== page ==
Kaspersky recently updated survey research has shown that online classes were more popular among Nigerian teachers during the COVID-19 pandemic.
After the success of the internet, online teaching was born. The outbreak of COVID-19 November 2020. Nigerian educators and institutions created alternative ways to ensure that learning continues despite government-imposed lockdowns.
Soon online teaching and learning became a topic of conversation. But, the acceptance of this new means (at the time) of acquiring knowledge across the country and educational institutions – private and government-owned – differed remarkably.
The survey revealed that 54 percent of teachers felt more at ease teaching online than offline. In contrast, 47 percent of the respondents – including teachers – preferred the hybrid format of learning (some days at school and some days online) post-pandemic times.
According to data gathered, 14 percent of the respondents don’t want online learning to continue in post-pandemic times. 40% of respondents stated that they prefer to continue learning entirely online.
73% of respondents think the online learning process is less effective or worse than traditional methods for certain subjects and courses.
The majority of Nigeria’s schools (53%) were able to adapt to online learning. More than half of the respondents (53%) noted that the program was adapted completely, 43% agreed with the “partly” option. The most popular elements of the educational process were video presentations (87%) or digital tests (73%)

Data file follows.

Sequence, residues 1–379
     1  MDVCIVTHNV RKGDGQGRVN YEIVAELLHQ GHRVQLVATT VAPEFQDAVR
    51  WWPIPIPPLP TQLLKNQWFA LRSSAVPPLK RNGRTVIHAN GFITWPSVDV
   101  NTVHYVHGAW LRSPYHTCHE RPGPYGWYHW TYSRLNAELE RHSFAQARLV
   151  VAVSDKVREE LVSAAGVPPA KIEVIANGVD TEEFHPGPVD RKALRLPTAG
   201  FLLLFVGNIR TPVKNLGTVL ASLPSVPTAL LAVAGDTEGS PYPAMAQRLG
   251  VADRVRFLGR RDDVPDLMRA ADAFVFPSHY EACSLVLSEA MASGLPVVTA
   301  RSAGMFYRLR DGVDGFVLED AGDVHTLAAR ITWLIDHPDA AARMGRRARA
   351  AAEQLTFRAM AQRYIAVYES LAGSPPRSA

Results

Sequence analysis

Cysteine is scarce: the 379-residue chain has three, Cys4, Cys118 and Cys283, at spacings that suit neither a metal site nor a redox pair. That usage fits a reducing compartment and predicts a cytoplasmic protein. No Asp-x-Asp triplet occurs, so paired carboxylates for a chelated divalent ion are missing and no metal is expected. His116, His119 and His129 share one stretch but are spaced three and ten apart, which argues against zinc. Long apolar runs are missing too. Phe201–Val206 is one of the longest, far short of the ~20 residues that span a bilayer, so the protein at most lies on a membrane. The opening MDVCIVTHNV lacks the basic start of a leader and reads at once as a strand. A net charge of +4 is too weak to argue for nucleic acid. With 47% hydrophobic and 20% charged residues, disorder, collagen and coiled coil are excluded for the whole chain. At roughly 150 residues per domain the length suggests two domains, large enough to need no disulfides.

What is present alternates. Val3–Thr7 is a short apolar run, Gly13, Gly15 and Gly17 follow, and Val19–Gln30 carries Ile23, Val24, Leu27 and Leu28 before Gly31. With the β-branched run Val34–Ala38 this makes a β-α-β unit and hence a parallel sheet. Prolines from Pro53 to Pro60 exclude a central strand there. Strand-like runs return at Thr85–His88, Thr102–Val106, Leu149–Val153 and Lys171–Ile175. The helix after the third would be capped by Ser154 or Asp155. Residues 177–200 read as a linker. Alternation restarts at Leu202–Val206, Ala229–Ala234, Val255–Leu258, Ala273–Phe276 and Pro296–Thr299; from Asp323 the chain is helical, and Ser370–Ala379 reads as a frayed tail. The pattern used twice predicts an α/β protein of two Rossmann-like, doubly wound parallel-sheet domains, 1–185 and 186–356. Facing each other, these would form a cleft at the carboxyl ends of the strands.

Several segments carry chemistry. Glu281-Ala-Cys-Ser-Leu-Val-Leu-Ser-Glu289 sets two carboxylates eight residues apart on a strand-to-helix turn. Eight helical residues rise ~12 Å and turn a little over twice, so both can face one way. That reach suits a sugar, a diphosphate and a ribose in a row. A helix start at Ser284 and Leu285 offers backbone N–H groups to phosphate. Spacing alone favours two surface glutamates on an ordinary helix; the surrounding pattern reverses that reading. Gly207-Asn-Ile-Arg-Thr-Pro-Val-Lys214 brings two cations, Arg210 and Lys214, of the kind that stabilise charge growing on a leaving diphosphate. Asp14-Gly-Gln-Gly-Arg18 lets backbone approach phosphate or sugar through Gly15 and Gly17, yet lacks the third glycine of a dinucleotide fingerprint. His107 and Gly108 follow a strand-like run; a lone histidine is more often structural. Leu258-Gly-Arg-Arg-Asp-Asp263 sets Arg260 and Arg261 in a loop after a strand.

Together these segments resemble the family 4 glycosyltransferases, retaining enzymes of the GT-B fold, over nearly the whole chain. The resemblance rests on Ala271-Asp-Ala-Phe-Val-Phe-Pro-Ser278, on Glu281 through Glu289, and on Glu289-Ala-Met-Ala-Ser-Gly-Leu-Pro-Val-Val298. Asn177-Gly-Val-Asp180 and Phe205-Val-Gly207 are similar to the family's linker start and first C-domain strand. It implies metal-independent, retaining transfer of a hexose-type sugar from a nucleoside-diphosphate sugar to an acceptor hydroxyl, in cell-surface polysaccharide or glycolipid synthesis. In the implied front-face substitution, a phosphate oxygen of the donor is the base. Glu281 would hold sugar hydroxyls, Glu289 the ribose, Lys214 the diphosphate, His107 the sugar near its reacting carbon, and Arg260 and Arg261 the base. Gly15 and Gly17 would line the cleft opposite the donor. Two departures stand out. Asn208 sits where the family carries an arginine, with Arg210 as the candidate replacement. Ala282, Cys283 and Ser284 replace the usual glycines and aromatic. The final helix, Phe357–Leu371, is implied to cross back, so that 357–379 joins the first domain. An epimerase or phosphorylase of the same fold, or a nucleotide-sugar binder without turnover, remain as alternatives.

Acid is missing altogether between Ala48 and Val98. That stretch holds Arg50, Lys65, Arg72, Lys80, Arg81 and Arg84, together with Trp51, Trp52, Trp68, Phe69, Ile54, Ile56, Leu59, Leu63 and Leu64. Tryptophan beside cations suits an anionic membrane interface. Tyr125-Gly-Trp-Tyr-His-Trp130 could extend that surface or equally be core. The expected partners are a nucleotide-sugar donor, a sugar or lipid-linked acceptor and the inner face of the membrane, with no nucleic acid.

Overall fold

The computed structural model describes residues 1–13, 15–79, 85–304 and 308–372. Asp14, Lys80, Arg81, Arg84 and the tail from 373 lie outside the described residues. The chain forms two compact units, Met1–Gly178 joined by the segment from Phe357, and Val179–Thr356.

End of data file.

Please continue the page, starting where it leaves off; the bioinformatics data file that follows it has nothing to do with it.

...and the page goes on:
These schools also used chats to exchange knowledge in 60% of cases. Interactive games enjoyed lesser usage than other tools – 20%.
SARS-CoV-2 and its subsequent pandemic had profound global consequences, including for the education sector. The COVID-19 Pandemic disrupted education across 150 countries, affecting 1.6 billion students. Many countries have implemented remote learning as a response.
As an emergency response, the initial phase of COVID-19 saw a lot of focus on remote learning. These were designed to reach all students but weren’t always successful. Education responses have evolved as the pandemic has changed.
eLearning in Africa
Respondents to an online survey Guni Network understand that “the Covid-19 crisis has provided a host of important lessons – for schools and colleges, for Governments and for businesses.”
They are well aware that distance learning is an option.
The survey argues that Africans know that technology will play a much greater role in the “successful education systems of the future, particularly if African countries are to ensure that their young people are equipped with the skills they need for the dynamic labour markets of the fourth industrial revolution (4IR).”
The following is an online forum teacher across Africa agreed that COVID-19 required online teaching, regardless of what teachers believed. The question, “do you think that the changes to teaching and learning that are occurring now should be temporary or permanent??” was asked and one of the forum members said:
It is impossible to predict when the pandemic will end. I believe that the changes in teaching and learning are permanent. Online learning is becoming more common for students and teachers. Eventually, it may not be possible to return to face-to face learning. Online learning is flexible. You can learn anywhere and anytime, so long as there’s internet connectivity. Online learning is not restricted to students or teachers. You can also access resources online at the click of a mouse.
Online learning has changed the way that we learn and teach. The world must address the issues as it recovers from the COVID-19 pandemic.